LaBrie’s new attorney, Michelle Menken, said original defense attorney Kevin James should have introduced Department of Social Services and other records concerning an incident in which Jeremy was removed from her custody when he was a toddler, to convince jurors that the reason LaBrie lied was her fear that he would be taken from her again.
James had concluded that such evidence could be prejudicial to LaBrie and harm her case.
Menken also argues that James failed to have his own pediatric oncologist testify at trial about how some parents become overwhelmed by the burden of caring for a sick child.
But prosecutors contend that the doctor — who had reached similar medical conclusions about the effects of withholding chemotherapy — would not have been permitted to testify about LaBrie’s state of mind, given that she was not his patient.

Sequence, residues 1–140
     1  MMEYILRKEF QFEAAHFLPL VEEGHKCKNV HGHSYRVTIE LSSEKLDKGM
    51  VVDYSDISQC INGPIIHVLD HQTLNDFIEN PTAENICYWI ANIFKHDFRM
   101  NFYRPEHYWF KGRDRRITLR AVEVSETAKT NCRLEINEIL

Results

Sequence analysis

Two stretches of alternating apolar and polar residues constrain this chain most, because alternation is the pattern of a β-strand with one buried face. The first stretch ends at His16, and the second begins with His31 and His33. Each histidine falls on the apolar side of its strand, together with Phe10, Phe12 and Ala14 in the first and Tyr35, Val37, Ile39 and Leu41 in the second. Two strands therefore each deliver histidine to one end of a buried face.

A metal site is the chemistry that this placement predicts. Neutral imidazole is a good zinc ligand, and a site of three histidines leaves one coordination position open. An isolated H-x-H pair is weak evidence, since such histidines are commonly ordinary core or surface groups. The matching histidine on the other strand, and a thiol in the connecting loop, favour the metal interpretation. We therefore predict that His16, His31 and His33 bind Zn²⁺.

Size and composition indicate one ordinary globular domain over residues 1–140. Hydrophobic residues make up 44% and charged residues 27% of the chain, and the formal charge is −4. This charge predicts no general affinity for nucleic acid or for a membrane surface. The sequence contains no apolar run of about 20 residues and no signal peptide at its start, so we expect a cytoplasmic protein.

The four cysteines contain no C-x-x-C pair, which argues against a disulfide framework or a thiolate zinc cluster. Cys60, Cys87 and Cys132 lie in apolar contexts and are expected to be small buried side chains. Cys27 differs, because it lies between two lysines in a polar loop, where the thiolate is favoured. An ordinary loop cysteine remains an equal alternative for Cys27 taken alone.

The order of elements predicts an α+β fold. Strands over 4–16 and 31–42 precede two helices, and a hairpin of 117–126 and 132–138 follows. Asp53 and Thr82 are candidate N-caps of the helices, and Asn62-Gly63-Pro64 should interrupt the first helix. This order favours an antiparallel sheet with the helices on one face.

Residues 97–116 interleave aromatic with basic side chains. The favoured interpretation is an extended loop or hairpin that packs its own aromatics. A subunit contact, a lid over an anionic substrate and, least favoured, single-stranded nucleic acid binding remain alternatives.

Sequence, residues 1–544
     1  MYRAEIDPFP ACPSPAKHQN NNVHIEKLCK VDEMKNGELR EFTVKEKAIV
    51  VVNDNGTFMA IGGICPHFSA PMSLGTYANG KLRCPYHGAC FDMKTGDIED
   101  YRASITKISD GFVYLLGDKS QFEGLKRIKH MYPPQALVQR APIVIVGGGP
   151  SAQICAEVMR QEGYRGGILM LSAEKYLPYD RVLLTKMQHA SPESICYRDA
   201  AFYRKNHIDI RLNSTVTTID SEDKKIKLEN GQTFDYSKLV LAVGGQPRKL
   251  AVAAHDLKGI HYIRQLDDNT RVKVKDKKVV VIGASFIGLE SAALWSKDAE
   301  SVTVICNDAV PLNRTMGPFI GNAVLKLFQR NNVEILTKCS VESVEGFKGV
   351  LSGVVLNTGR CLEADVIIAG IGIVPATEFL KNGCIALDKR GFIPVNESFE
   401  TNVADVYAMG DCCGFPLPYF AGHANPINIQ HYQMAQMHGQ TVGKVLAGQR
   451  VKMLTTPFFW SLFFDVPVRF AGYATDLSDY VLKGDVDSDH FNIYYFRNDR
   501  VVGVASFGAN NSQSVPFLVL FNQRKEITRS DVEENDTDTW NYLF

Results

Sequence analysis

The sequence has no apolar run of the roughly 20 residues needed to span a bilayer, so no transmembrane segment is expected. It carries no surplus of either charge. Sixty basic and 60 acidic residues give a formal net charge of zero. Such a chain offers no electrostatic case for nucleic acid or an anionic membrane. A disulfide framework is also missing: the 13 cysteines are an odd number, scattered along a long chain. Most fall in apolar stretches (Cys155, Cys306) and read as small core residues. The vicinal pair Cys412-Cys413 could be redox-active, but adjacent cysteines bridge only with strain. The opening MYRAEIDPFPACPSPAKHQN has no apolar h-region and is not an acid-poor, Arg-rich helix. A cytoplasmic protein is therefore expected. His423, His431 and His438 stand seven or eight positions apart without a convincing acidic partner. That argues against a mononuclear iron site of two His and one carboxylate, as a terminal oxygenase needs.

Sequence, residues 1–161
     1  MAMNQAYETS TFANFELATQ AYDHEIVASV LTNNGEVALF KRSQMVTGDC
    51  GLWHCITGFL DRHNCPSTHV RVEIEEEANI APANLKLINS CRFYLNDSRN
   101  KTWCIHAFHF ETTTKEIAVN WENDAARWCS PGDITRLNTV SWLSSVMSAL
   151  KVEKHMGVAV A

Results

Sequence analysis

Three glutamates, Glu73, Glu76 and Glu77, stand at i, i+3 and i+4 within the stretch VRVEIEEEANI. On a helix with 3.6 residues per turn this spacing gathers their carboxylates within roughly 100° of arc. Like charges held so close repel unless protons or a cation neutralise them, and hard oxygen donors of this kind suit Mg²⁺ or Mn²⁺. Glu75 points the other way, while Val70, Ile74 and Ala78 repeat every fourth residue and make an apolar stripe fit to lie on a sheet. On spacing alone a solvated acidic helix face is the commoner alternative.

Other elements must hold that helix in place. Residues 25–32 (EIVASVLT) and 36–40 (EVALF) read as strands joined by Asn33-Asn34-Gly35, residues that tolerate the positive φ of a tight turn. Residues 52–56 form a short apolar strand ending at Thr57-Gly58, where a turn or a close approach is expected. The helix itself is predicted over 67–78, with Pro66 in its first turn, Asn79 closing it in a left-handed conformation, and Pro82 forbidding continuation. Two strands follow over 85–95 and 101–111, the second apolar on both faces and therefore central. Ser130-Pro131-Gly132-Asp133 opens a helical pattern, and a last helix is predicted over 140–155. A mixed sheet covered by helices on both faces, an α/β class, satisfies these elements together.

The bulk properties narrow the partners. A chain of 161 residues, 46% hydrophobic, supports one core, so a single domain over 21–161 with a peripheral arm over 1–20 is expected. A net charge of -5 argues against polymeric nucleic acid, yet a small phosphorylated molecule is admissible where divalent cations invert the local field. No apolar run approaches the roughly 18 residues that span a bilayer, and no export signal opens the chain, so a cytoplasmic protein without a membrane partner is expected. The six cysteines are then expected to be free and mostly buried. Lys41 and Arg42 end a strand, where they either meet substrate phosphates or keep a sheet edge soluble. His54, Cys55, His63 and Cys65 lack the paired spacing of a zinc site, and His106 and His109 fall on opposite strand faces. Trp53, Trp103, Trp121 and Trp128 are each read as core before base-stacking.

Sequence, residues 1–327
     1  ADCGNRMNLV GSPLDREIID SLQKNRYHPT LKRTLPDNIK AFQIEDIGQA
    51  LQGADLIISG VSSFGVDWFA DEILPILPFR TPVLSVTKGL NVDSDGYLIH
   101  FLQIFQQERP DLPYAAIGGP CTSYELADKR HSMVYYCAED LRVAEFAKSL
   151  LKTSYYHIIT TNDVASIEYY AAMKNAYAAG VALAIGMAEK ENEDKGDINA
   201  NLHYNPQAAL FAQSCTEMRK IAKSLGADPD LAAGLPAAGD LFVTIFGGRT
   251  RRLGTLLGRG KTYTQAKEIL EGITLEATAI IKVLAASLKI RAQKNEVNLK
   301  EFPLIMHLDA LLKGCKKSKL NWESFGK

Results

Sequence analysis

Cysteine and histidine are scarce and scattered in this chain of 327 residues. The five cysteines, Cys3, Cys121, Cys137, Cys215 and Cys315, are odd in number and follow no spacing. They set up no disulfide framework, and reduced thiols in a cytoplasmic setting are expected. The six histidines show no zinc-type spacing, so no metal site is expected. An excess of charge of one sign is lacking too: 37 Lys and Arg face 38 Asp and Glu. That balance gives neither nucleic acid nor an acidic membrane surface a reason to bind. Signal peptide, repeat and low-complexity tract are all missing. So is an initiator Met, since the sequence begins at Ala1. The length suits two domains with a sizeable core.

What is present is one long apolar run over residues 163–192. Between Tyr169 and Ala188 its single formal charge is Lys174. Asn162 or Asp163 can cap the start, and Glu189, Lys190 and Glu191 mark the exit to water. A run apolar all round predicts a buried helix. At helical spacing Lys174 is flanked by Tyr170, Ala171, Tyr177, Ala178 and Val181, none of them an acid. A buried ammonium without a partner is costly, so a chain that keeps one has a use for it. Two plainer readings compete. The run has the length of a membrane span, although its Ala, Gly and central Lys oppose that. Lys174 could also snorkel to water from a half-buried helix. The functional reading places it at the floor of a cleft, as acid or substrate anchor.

As for an error by James in providing more materials from his own psychiatric expert to the prosecution’s expert, prosecutors say that was a harmless error that would not have affected the prosecution expert’s conclusions.
LaBrie’s attorney also takes issue with Welch’s instructions to the jury.
During the pretrial proceedings, LaBrie and her lawyer never raised a possible defense — and, in fact, were late in disclosing their intention to offer a “diminished capacity” argument. During trial, James argued to the jury that LaBrie was emotionally unable to comply with the doctor’s orders to give Jeremy his medication, and so overcome by depression she didn’t really comprehend the effects of what she was doing.
In her own testimony, however, LaBrie told jurors that she simply couldn’t bring herself to give her son the medications because they made him feel sick, a conscious choice at odds with what her lawyer and a psychologist for the defense suggested.